The district court then instructed the special master to attempt to fashion a plan in which the black voting age population constituted a simple majority of the total voting age population in a district. The master's revised report, issued in March 1990, explained the difficulties of attempting to use data that was then ten years old to remedy the violation. He stated:

I think it is important to recognize that constructing a single-member district plan which "completely remedies prior dilution of minority voting strength and fully provides equal opportunity for minority citizens to participate and elect candidates of their choice," at this point in time is fraught with uncertainties. A major part of the uncertainty is due to the fact that we are forced to rely on 1980 Census data to construct districts. Use of ten-year old data makes it impossible to determine the precise demographic dimensions of a district that will remedy the violation of Plaintiffs [sic] voting rights at this point in time.

The report continued by describing the population growth of Henrico County that more recent statistical and demographic data disclosed.

On April 16, 1990 the district court conducted a hearing during which the court and counsel recognized the futility of proceeding with the implementation of any new plan at that time since redistricting under 1990 census data would be required in early 1991 in any event. The court, by order of the same date, ruled that the action was stayed until March 1, 1991, enjoined implementation of any plan until further order of the court, and ordered defendants to forward the 1991 census data to plaintiffs' counsel within 24 hours of receipt and submit a proposed redistricting plan to the court within 20 days after receipt of the data.

Defendants noticed an appeal from the December 30, 1988 order finding a violation of section 2 and the April 16, 1990 order staying the proceedings. Defendants alternatively petitioned this court for a writ of prohibition or mandamus in aid of this court's jurisdiction. We stayed the orders of the district court and ordered the petition for the writ be consolidated with this appeal.

Defendants contend that this court has jurisdiction over the appeal on several bases. They first argue that the December 30, 1988 and April 16, 1990 orders, taken together, constitute a final order appealable under 28 U.S.C.A. Sec. 1291 (West Supp.1990). Next, defendants argue that since the district court enjoined implementation of any new districting plan, this court may review the appeal under 28 U.S.C.A. Sec. 1292(a) (1) (West Supp.1990) that provides for interlocutory appeals from orders granting or denying injunctions. Alternatively, defendants argue that this court should issue a writ of mandamus or prohibition to the district court in aid of jurisdiction. We find that jurisdiction over the appeal at this juncture is inappropriate and decline defendants' invitation to issue the writ.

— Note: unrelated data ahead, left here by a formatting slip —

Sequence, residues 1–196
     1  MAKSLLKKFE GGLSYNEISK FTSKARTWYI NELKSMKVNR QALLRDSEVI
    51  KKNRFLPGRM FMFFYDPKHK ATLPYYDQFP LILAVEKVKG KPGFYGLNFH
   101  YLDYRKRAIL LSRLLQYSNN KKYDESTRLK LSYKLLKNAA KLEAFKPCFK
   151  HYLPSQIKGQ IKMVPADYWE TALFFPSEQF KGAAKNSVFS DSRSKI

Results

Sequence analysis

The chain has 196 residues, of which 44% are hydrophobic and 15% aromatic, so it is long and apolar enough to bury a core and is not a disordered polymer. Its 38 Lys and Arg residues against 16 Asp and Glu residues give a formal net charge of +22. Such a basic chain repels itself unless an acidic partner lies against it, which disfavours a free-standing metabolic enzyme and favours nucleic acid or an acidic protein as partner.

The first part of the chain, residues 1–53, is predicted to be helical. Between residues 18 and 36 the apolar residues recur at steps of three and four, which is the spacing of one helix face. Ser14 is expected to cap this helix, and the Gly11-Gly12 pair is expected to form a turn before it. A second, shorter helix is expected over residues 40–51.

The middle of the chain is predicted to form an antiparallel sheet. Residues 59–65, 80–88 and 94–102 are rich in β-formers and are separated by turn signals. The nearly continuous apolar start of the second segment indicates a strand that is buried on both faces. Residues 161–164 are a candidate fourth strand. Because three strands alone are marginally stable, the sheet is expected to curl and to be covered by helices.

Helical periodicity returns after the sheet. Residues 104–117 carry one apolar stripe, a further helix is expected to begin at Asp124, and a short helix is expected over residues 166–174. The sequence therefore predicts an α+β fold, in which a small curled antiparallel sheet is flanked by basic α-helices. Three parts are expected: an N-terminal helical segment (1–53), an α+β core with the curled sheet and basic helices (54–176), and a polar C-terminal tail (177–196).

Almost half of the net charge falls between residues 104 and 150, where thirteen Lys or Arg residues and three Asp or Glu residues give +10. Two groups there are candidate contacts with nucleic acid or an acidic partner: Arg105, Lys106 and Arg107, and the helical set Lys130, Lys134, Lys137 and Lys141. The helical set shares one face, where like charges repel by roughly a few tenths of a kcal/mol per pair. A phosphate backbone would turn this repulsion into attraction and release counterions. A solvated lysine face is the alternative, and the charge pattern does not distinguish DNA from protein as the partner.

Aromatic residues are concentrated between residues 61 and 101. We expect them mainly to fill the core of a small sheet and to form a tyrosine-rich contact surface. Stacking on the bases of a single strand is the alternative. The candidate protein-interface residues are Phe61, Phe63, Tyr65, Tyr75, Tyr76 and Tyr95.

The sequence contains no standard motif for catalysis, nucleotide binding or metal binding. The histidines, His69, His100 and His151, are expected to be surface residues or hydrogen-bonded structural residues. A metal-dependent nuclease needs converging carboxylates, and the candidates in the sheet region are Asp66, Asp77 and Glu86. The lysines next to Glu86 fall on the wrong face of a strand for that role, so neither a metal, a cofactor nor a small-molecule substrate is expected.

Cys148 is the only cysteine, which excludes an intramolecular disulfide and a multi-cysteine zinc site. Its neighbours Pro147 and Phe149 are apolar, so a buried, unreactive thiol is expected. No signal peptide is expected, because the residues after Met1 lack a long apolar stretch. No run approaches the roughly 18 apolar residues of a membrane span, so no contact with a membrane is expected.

This court has "jurisdiction of appeals from all final decisions of the district courts ... except where a direct review may be had in the Supreme Court." 28 U.S.C.A. Sec. 1291. An order of the district court is final for purposes of section 1291 only if the ruling " 'ends the litigation on the merits and leaves nothing for the court to do but execute the judgment.' " Gulfstream Aerospace Corp. v. Mayacamas Corp., 485 U.S. 271, 275 (1988) (quoting Catlin v. United States, 324 U.S. 229, 233 (1945)). Because the decision of whether an order is "final" is frequently a difficult and close question, the finality requirement of section 1291 "is to be given a 'practical rather than a technical construction.' " Gillespie v. United States Steel Corp., 379 U.S. 148, 152 (1964) (quoting Cohen v. Beneficial Indus. Loan Corp., 337 U.S. 541, 546 (1949)). " [I]n deciding the question of finality the most important competing considerations are 'the inconvenience and costs of piecemeal review on the one hand and the danger of denying justice by delay on the other.' " Gillespie, 379 U.S. at 152-53 (quoting Dickinson v. Petroleum Conversion Corp., 338 U.S. 507, 511 (1950)).